10 Ways To Improve Your Documentation Plan Right Now


One of the difficulties when creating documentation plans is determining the correct figures for the amount of work involved. For example, if you’re creating a user guide for an application you know quite well, then it’s easy to estimate the amount of work involved. And if you’re doing the writing, then you can also gauge how fast you can write the documents.

But what happens when don’t know the specs, haven’t seen the software, and won’t be writing the documents?

Here are some things to consider:

  1. Requirements – have these been signed off yet? If not, flag that your dates are based on the current requirements and will change if the requirements are modified. This is probably the most serious factor to consider when estimating the amount of effort required.
  2. Scope – clarify what is in the scope of the document plan and also what will not be delivered. Why? This removes any assumptions other line manager and business owners may have. If they want to change the scope, then fine, you can do that but it means updating the document plan.
  3. Software – make sure you have licenses for any authoring tools before you start, for example, if you’re running a globally distributed team and you want everyone to use the same version of FrameMaker. Otherwise time will be lost.
  4. Deliverables – do you need to develop both PDF and/or online help? While, in theory, both of these can be created from the same source, there is usually some extra effort to refine the PDF and to save them in the correct directories if you plan to share them from the online help.
  5. Revision – if the documents will be revised by subject matter experts, who are not under your control and who may impede your progress at some point, allow time to chase up these parties and, if necessary, allow time to show them how to use revision software or the revision tools in applications such as Acrobat.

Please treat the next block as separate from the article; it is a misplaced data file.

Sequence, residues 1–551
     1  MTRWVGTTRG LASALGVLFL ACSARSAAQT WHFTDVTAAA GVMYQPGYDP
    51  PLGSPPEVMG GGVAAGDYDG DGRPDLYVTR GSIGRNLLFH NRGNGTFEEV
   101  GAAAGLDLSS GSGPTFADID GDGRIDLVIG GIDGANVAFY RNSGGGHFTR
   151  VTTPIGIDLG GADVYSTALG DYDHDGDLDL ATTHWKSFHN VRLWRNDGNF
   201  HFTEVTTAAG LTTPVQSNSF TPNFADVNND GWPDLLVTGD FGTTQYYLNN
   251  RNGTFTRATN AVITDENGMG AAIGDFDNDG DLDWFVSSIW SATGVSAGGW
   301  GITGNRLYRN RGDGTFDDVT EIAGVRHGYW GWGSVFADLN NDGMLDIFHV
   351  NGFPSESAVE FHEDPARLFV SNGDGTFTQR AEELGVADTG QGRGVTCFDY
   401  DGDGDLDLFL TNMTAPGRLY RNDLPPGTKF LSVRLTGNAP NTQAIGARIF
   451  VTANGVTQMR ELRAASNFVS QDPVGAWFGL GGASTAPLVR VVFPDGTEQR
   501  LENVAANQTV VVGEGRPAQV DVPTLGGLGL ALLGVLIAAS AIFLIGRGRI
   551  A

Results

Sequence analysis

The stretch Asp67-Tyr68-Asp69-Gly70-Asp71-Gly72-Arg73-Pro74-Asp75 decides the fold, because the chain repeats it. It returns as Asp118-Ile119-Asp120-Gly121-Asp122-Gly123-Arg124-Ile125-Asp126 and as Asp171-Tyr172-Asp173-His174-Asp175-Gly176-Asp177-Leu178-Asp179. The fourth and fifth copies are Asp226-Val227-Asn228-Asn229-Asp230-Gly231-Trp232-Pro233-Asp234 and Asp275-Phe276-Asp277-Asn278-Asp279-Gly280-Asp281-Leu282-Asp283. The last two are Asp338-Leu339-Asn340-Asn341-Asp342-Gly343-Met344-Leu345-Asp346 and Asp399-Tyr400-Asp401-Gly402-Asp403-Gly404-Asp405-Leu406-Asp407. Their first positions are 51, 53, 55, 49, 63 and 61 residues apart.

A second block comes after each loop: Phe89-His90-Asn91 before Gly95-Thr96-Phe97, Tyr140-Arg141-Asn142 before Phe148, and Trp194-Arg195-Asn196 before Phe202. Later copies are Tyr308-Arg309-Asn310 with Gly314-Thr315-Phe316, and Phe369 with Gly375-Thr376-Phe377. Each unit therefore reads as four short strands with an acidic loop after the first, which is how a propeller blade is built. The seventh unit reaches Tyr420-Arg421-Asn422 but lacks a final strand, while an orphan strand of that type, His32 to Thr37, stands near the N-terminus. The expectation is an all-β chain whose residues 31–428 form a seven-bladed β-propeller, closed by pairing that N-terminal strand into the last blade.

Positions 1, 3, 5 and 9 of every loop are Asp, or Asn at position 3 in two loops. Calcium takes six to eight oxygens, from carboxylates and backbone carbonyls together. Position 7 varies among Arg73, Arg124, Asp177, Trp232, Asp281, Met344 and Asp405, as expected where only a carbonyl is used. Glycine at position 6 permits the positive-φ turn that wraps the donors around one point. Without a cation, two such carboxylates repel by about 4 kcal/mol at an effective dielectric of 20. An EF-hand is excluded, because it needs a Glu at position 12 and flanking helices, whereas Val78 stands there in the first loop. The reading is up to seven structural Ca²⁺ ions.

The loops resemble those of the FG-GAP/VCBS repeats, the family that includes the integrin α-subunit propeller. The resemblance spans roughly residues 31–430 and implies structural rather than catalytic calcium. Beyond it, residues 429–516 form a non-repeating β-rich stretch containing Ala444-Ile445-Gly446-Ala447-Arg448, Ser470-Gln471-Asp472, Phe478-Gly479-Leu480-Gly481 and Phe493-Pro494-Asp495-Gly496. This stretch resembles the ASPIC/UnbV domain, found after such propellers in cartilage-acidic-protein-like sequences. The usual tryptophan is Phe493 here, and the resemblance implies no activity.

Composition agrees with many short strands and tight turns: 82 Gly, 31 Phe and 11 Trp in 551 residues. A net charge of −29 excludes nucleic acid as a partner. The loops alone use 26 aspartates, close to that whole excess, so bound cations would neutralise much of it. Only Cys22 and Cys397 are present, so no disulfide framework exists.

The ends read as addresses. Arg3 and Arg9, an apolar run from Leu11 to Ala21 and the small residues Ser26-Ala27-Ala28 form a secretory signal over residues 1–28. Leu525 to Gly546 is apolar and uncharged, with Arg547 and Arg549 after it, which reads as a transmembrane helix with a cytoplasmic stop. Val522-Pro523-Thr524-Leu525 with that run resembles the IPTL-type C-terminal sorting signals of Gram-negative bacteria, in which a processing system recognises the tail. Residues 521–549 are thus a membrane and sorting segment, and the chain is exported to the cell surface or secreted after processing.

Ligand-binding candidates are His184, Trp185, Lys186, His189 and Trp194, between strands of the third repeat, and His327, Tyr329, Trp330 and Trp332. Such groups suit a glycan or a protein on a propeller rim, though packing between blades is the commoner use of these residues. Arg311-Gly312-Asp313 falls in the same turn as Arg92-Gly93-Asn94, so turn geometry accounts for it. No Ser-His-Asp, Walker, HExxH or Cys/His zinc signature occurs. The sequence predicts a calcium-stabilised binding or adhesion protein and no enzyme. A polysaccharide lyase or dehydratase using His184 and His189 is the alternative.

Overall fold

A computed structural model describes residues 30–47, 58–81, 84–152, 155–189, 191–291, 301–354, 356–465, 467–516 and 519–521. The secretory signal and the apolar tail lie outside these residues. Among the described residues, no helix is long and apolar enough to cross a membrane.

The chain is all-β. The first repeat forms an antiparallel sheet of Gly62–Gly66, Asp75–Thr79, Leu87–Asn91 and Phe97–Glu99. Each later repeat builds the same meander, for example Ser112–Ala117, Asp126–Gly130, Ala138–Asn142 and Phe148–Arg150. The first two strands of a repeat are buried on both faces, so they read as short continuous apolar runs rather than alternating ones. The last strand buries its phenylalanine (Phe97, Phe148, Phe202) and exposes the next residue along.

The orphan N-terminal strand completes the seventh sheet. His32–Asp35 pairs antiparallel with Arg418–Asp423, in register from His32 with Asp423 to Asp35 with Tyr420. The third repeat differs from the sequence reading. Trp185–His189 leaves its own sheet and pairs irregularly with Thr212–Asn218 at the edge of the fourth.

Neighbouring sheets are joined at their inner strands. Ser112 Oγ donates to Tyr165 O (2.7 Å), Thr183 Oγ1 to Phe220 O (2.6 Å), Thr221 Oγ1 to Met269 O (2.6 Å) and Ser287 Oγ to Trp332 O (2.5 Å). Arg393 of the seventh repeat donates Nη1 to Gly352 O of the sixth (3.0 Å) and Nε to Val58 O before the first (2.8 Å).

6. Conditional Text – if you plan to conditionalize the content allow time to check the outputs if the content will be significantly different.
  7. Resources – identify the names and roles of team members and confirm if these have been assigned to the project.
  8. Activity breakdown – list all of the documents and content types you plan to deliver. For example, User Guide in PDF and Online Help, Release Notes in PDF only. Admin Guide in Online Help only. If it helps, create a matrix to illustrate what will be delivered. Note that you may also factor in other deliverables and formats, such as for mobile devices if this will require extra effort.
  9. Time estimate – identify the start and end dates and, most importantly, any dependency you have on other departments. For example, if Development is late in providing working software, does this affect your timelines? If Business Analysts are late or change the requirement, what impact will this have? If Tech Support is unable to provide a staging environment to test the online help, how will this affect your dates?
  10. Printing and Production – if you have to outsource the printing, and for example, packaging, then factor in the costs and turnaround times. Also include any contingencies if they are unable to provide this service for whatever reason.

Documentation Planning

Essentially this is just common sense, isn’t it?

From one angle it’s a project plan for a set of documents. What you need to be aware of are any potential impacts on your schedule and interruptions that may undermine your efforts.

For example, if you are writing two sets of documents for two different projects at the same time, allow for the fact that the stopping and starting and switching from project to project will interrupt your progress as you lose momentum every time.

You need to anticipate things like this as on paper it should make no difference, but in the real world it will undermine your efforts.

PS – Download your Documentation Plan Template here.

Have you got these templates?